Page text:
It is curious how Raoul seems to refer to Dick not as a buddy and more as a sort of romantic interest. Then again, considering the evidently hermitic nature of Raoul’s existence, it is wholly unfair to blame him for feeling otherwise. Anyhow, the two instantly became fast friends, having very much in common with their profession and favorite topics of conversation.
When the two meet for dinner, Raoul reveals things about himself to Dick no one else knew. These presumably include things he does not even tell the reader, and Dick becomes his confidant. Whether Dick really takes much of what Raoul’s sense is anyone’s guess. They were both rather drunk at the time, by Raoul’s admission. But it is still a huge deal for Raoul because he had never found anyone else who he was so comfortable in being with.
As Dick leaves in a rush for England to take care of some important business, Raoul feels insulted Dick did not inform him sooner. After receiving Dick’s letter a couple days later, he doesn’t get another letter until many months later. By that time, Raoul has almost forgotten all about Dick, consistent with his “rule of not looking back.” Before he meets Dick and his lady friend, Mouse, Raoul practices a part in front of his mirror. This is to make himself out to be much more successful than he really is.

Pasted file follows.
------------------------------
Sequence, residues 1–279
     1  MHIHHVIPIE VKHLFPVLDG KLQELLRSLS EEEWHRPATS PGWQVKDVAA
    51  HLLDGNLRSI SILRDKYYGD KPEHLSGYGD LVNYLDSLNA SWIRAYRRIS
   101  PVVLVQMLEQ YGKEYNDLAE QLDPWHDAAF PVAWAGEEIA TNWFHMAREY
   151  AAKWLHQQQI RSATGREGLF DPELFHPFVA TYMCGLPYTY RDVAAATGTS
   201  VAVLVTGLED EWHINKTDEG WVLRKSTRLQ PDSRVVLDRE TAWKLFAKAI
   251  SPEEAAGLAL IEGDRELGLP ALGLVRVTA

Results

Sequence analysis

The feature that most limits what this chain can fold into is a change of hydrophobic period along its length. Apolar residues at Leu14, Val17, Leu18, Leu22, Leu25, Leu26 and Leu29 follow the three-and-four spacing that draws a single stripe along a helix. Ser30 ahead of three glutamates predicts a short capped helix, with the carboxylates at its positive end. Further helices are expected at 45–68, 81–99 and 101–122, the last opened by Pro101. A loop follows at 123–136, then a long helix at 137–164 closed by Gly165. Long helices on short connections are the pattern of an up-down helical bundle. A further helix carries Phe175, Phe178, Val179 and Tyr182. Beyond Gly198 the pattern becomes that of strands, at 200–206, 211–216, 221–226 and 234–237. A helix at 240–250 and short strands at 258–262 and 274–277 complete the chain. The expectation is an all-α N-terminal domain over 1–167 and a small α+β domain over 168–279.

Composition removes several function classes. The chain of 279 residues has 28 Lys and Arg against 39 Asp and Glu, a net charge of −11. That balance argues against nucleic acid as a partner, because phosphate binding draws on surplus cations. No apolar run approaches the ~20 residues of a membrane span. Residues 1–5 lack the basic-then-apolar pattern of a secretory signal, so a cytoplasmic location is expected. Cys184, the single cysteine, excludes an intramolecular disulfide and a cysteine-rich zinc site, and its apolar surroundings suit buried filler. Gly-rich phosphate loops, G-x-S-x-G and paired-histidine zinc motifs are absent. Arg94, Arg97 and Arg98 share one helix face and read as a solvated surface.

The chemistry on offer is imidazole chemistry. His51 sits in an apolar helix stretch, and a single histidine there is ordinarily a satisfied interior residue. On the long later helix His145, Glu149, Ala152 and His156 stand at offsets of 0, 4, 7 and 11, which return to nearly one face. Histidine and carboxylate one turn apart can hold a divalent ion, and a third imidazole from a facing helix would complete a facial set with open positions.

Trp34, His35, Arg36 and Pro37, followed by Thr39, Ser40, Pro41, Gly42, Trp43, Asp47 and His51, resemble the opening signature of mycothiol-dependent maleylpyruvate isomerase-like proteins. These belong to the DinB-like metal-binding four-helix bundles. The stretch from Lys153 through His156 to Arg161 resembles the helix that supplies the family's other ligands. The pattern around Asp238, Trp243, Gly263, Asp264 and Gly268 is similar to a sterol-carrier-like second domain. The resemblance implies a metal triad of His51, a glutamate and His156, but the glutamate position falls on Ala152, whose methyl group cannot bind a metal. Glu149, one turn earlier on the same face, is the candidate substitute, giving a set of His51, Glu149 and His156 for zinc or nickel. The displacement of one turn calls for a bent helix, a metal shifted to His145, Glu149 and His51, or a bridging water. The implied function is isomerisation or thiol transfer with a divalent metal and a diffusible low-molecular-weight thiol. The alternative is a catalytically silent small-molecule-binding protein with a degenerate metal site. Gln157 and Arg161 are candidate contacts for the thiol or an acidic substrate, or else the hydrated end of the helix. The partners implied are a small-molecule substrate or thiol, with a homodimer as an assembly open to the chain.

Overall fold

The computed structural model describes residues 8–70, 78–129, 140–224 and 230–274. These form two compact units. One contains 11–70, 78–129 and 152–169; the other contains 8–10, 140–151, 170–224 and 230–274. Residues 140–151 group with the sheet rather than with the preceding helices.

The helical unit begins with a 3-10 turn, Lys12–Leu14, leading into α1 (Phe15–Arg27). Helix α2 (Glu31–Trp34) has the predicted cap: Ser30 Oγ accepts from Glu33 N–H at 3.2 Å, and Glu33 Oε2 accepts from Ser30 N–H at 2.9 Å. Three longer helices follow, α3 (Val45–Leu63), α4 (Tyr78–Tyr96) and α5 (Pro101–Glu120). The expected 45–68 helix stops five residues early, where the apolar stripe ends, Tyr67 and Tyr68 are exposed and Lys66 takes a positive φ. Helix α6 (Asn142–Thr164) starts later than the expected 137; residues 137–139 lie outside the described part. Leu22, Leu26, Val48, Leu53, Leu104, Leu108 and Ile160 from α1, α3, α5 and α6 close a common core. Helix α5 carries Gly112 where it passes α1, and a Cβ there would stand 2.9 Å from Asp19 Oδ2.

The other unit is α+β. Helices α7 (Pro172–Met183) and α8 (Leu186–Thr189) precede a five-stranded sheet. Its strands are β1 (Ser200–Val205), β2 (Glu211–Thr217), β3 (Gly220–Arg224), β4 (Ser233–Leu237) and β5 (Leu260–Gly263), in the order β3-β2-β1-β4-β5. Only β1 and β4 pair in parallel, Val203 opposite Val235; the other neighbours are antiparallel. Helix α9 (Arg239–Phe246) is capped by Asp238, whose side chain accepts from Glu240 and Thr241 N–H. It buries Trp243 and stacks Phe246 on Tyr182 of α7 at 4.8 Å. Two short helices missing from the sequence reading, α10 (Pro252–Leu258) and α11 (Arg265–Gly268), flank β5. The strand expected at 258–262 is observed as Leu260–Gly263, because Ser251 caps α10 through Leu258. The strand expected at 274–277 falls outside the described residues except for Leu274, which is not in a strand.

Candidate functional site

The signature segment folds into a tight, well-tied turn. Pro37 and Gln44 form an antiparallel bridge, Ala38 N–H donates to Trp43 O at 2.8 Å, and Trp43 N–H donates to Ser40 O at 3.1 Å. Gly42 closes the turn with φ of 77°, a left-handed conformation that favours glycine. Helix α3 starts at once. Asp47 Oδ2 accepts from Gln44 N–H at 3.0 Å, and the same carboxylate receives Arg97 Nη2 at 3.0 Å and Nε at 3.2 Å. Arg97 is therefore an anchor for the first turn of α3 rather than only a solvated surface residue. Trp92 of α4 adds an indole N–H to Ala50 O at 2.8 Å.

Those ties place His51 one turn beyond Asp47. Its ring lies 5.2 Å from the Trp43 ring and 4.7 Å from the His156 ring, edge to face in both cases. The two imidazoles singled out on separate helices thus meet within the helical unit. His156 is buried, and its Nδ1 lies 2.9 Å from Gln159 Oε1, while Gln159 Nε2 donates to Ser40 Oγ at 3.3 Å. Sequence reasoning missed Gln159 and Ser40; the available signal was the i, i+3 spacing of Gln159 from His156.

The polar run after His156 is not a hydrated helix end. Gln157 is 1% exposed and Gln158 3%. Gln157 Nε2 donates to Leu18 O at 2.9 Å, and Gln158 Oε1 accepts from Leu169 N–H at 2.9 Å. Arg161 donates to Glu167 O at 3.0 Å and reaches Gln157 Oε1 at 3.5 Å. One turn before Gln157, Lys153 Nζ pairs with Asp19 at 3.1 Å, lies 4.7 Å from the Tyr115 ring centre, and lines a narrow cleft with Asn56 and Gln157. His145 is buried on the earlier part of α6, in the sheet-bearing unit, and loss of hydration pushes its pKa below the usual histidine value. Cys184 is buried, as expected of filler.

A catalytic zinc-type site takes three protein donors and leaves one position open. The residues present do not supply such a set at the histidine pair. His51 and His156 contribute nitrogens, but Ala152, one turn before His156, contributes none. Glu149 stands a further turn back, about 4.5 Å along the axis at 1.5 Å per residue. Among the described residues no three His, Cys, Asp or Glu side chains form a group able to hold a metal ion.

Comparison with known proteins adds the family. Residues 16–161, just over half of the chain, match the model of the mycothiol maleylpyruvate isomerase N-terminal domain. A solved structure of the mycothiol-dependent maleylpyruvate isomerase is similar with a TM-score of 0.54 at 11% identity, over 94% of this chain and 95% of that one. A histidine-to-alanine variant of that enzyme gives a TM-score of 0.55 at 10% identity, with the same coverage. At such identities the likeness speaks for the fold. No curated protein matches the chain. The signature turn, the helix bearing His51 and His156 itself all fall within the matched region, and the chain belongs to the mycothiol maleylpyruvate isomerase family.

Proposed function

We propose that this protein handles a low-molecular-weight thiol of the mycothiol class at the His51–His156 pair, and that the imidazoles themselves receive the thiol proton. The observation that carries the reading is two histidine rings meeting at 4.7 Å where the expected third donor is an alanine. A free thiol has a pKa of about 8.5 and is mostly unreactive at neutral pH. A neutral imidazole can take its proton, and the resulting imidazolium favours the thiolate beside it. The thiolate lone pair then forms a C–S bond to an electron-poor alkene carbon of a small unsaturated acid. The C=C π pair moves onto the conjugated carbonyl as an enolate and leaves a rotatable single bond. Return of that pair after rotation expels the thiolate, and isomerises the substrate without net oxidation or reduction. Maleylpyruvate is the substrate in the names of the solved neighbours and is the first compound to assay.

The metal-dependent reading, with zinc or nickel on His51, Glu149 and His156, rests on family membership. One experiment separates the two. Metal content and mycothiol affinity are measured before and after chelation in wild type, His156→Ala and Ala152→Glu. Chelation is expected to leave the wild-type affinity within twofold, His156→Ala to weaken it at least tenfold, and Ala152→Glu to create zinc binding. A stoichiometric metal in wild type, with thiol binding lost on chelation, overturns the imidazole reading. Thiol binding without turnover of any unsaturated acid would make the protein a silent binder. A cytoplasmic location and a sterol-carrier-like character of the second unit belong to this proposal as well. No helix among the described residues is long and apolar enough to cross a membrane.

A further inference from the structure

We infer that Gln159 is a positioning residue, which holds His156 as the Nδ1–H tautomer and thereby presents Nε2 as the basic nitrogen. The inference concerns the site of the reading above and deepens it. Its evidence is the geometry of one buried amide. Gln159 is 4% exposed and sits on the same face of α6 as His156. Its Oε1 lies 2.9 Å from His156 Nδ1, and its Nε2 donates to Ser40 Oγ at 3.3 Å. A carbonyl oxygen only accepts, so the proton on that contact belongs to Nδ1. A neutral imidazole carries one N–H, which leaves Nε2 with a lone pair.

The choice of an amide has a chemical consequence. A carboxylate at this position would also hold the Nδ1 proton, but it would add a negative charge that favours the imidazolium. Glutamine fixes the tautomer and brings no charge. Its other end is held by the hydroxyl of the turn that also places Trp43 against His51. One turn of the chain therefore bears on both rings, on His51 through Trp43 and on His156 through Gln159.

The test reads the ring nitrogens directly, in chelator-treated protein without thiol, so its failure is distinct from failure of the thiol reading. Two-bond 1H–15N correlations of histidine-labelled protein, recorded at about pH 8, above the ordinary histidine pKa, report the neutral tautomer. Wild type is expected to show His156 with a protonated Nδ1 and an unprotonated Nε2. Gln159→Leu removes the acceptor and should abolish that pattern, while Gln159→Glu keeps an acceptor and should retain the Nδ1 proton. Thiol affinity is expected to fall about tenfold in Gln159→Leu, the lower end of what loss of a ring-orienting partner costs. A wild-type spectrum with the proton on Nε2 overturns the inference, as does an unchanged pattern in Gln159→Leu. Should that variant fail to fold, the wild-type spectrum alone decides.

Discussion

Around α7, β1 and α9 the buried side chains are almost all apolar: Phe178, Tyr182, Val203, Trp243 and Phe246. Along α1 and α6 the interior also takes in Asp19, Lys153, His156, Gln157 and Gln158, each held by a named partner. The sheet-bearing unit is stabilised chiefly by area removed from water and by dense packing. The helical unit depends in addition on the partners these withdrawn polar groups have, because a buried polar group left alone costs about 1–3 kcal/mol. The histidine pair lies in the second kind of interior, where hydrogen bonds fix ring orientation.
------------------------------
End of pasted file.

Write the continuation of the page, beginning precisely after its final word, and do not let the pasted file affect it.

When he meets Mouse, for the first time in his life, he finds himself truly fascinated with a woman. It is a sad ending to the entire deal, after what happens between her and Dick. Although it seems entirely possible that Raoul and Mouse could have continued their relationship, the extreme awkwardness of the situation made him never go near their lodgings ever again. For all that he has consistently done to leave the past behind, he can never stop thinking of Mouse.
When Raoul sees the phrase “Je ne parle pas Français” inscribed in green ink on the bottom of an otherwise pedestrian piece of paper, he is overtaken by the echo of the memory of his first true love telling him those exact same words. It is a sad story, and one is left to wonder what will become of poor old Raoul. Will he ever be able to just move on like he has so many times before?